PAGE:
I’ve been thinking about whether what we’re doing with SameRoom is just a case of putting ourselves in someone else's shoes.
These ponderings have sprung from a conversation with someone who was saying that our approach to user-centred design was not a new concept for them and that it was something they were used to when they worked in another organisation.
They said how they were used to walking through the service as if they were a customer or service user, considering what might need to be changed and improving their service through putting themselves in the other person’s shoes.
I understood what they meant when they shared their thoughts with me, but there was a niggling thought in the back of my mind… one I couldn’t quite verbalise at that moment in time.
The question was: ‘Is this really what we’re doing here? Putting ourselves in the shoes of the customer?’
The more I think about it, the more I disagree that the approach we take to user-centred design allows us to put ourselves in someone else’s shoes.
SameRoom goes much further than that.
With SameRoom, we walk alongside the actual people who are going to use our services to experience things through their eyes.
What does ‘walking alongside someone’ mean in practice?
It might mean being present with someone whilst they use our services or it could be investing time in getting to know some of our service users on a deeper level (through interviewing and spending considerable time with them) to understand where they’re coming from.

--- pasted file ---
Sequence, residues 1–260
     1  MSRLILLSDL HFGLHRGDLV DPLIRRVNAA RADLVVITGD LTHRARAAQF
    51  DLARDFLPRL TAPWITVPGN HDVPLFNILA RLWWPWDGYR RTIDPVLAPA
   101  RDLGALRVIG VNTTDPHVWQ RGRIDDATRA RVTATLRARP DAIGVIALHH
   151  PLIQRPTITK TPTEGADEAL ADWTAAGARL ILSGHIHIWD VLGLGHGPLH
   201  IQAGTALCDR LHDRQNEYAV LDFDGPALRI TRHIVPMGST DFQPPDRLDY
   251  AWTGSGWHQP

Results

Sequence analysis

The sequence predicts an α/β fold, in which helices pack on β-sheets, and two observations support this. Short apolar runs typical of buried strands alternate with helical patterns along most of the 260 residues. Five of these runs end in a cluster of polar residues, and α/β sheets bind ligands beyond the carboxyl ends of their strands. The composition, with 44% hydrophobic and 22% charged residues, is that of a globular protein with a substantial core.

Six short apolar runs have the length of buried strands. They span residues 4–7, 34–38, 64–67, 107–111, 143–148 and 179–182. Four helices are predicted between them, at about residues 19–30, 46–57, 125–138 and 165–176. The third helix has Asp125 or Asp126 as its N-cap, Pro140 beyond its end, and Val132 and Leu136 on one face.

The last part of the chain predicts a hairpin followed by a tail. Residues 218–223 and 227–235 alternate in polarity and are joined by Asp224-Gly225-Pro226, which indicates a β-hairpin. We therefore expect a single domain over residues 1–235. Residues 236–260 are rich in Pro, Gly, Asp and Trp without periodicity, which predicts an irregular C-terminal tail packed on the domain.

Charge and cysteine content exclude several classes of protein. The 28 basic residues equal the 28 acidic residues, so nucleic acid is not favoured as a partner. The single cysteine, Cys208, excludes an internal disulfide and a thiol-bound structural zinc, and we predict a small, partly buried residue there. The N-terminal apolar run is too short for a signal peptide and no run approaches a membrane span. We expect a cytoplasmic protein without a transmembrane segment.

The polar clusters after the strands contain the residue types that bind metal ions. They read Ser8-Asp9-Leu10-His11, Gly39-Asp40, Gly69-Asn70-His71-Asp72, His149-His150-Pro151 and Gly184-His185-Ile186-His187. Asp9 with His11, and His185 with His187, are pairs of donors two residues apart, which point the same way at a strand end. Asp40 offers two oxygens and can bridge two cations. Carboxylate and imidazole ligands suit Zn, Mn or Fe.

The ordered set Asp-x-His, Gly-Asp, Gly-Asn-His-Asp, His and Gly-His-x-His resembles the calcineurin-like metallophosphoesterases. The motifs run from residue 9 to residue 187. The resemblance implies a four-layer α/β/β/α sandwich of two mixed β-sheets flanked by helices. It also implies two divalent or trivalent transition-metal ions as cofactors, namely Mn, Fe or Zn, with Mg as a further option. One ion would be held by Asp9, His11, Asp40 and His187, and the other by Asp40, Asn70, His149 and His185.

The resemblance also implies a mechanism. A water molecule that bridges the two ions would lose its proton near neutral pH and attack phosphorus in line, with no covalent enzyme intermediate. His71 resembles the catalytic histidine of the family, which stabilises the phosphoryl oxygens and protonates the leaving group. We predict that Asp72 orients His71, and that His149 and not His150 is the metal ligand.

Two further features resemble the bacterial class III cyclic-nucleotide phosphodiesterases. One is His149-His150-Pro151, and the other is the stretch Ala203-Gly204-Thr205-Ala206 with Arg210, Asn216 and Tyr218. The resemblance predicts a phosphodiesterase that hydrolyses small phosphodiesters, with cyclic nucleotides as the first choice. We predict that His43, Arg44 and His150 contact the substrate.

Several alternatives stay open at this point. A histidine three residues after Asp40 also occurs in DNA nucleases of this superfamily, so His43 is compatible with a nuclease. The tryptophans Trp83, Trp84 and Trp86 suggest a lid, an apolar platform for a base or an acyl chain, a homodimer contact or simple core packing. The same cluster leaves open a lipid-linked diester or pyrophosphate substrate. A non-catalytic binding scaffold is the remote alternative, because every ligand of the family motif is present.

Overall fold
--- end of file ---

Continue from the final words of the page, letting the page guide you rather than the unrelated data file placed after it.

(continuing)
It’s so vital because it’s impossible to guess the experience of our residents due to the assumptions, history and context that we bring with us and are unable to put aside.
For example, I’m in the fortunate position of never having needed to apply for housing benefit and council tax support. I can put myself in the shoes of someone who does need this financial aid. I can think about how the process can become simpler, more automated, less hoops to jump through, but I cannot know about what is in my ‘blind spot’ - things I’m unaware of as someone who is not the user.
What could these be? At a guess, they could be:
- The fear I feel when communicating with the Councils because of the language used by council staff.
- My inability to find time to apply for support if I’m a working parent juggling the responsibility of looking after my children and holding down two jobs to make ends meet
- Disabilities or language barriers which make getting any support difficult
These could be right or it could be wildly wrong. Without asking our users and walking alongside them to find out about their experience, I can’t know what barriers exist. I can only make a guess.
And so, for me, the difference with SameRoom is that we walk alongside the user instead of just trying to put ourselves in their shoes.
And whilst we’re walking with them on the journey of using our services, a SameRoom approach helps us to stay open and curious about their experience. We ask questions, actively seek to hear their experiences and test any prototypes with them to find out what we’ve got right and what we’ve got wrong.
Walking alongside the user is the best way I can see to remove any blind spots we have.
And that’s what I find really exciting about using a SameRoom approach - the fact that the user, not just our assumptions about the user, can help shape, change and design services to meet their needs.